Orientation trips
The Mondriaan Fund organises orientation trips for visual artists and mediators to Asia, Latin America and Africa since 2004. The trips are aimed at exchange and cooperation between visual art professionals.

When someone in the contemporary Chilean art world wants to bring over that curator of the Sao Paolo Biennale for a research trip and the Ministry of Culture does not have any budget to provide for the visit, people call on Pedro Montes. There’s a big chance Montes will foot the bill for that important visit. In the past five years Montes has become a central figure in the Santiago scene as a promotor, sponsor and above all focused collector of art produced in Chile during 1969 to 1989, roughly the art being made during the dicatorship of Pinochet (1973-90).

Being trained as a lawyer, Montes decided to become an artist himself and worked as an assistant in the studio of Eugenio Dittborn, who became internationally known by his ‘airmail paintings’ during the dictatorship (political collages on light paper, which he packaged in large airmail envelopes which were sent off to foreign museums and institutions, distributing politically charged ‘messages’ to the world outside Chile).

Pedro Montes is no longer an artist but since 2010 has started his art collection which no serious contemporary art researcher or collector fails to get acquainted to when visiting Chile. In a short time he has amassed around 600 pieces with large core groups of works by amongst others Dittborn and other artists who were operating outside of the government controlled institutions in that specific period. According to Montes, during the regime the artists were showing their work in off and private spaces often employing performance and conceptual strategies. A small scene of about 300 people were in the know of contemporary developments. Operating rather undisturbed by the military, as the collector states, as it was perhaps too small for the regime to be bothered with?

Montes sees it as his task to put the art of this period into the public eye and be an intermediary between the Chilean art world and foreign curators, collectors and critics. He makes his collection accessible through exhibitions in his D21 Proyectos De Arte space in Departemento 21, where he has made more than 40 exhibitions of works by artists related to his collection, but not necessary of work he owns himself. The current exhibition by Francisco Smythe (1952-1998) for example is based on the collection of the widow of the artist. Smythe belongs to the same generation of conceptual artists as Dittborn, Alfredo Jaar and Carlos Leppe. According to Montes the work on paper, which subtly refers to the ‘forced disappearances’ during the military government, was stored for many decades and is now on view for the first time.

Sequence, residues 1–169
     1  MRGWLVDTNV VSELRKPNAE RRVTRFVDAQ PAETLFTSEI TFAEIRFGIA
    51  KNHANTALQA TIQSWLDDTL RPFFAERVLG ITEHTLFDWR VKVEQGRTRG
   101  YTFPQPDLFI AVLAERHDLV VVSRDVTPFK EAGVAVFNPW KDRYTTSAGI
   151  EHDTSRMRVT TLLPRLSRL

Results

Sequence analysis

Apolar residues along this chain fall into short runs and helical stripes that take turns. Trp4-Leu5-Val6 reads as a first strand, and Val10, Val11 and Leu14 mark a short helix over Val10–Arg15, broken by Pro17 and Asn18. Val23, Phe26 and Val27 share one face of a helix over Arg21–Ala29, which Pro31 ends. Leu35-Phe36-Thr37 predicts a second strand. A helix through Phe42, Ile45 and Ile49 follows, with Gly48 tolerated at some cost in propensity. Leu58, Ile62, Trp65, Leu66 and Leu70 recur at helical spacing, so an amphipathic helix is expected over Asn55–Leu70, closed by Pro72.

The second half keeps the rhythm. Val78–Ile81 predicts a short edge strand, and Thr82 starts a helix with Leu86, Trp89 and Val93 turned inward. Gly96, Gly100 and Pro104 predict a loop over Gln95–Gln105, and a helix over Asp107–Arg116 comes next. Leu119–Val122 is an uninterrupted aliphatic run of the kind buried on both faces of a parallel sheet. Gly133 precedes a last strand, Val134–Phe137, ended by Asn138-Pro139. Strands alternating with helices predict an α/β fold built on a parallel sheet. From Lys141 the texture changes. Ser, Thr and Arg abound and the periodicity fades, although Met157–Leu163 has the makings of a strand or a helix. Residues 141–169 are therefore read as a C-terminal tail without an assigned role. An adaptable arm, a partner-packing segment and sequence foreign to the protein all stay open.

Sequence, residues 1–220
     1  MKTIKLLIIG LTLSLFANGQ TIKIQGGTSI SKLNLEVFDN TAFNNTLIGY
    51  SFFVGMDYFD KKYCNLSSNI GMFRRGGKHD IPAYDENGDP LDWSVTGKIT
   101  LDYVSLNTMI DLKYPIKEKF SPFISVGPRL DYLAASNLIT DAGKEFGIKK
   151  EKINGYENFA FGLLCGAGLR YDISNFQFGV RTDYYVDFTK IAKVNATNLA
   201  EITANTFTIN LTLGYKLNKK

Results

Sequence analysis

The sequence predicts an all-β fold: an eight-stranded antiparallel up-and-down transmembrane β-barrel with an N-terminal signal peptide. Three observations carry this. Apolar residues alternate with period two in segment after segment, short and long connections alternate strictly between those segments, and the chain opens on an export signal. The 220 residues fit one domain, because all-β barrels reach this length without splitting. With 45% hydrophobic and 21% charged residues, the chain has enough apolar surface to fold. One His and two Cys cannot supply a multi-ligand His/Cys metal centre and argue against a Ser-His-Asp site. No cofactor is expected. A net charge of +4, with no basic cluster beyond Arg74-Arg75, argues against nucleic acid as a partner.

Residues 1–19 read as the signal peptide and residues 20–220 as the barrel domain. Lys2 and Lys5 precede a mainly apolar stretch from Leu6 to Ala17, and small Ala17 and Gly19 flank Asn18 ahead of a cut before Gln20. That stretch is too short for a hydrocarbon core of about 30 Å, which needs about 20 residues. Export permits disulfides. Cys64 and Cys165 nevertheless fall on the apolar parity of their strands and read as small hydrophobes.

Montes says he has no conceptually defined program for his space, but just follows his own taste. He has a large network of artist friends which tip him off when coming accross work that might possibly fit his collection. He says he hardly has competition and is glad a younger friend recently began to collect as well and is now often prying on the same work he is after. Montes’ exhibitions are more and more recognized by the national press and shows which are written up by the large daily El Mercurio get around 1000 visitors.

Montes is also an avid collector of poetry and documentation (photos, letters, printed matter) relating to the Chilean art of the seventies, eighties and nineties. He publishes books on and by poets and on artists like the photographer Paz Errazuriz, which are distributed by Metales Pesados, the art book shop and gallery in Santiago.

Pedro Montes, Local 5

Our third day in Santiago began with a visit to Local 5 at Diagonal Paraguary, where the Pedro Montes collection is stored in a sort of ‘Schaulager’. A place which is a storage but where also small exhibitions are made. The current presentation focuses on the work by Carlos Leppe and Juan Pablo Langlois, an artist who is now in his eighties and also operating under the alias of Vicuna. Montez is, again, the main collector of the work of both these artists. During our visit Montes’ role as mediator between the Chilean and the international art world was underlined by the arrival of another visit of a group of artists and collectors affiliated with the New York Guggenheim Museum, under the guidance of Pablo Leon de la Barra.

Martijn van Nieuwenhuyzen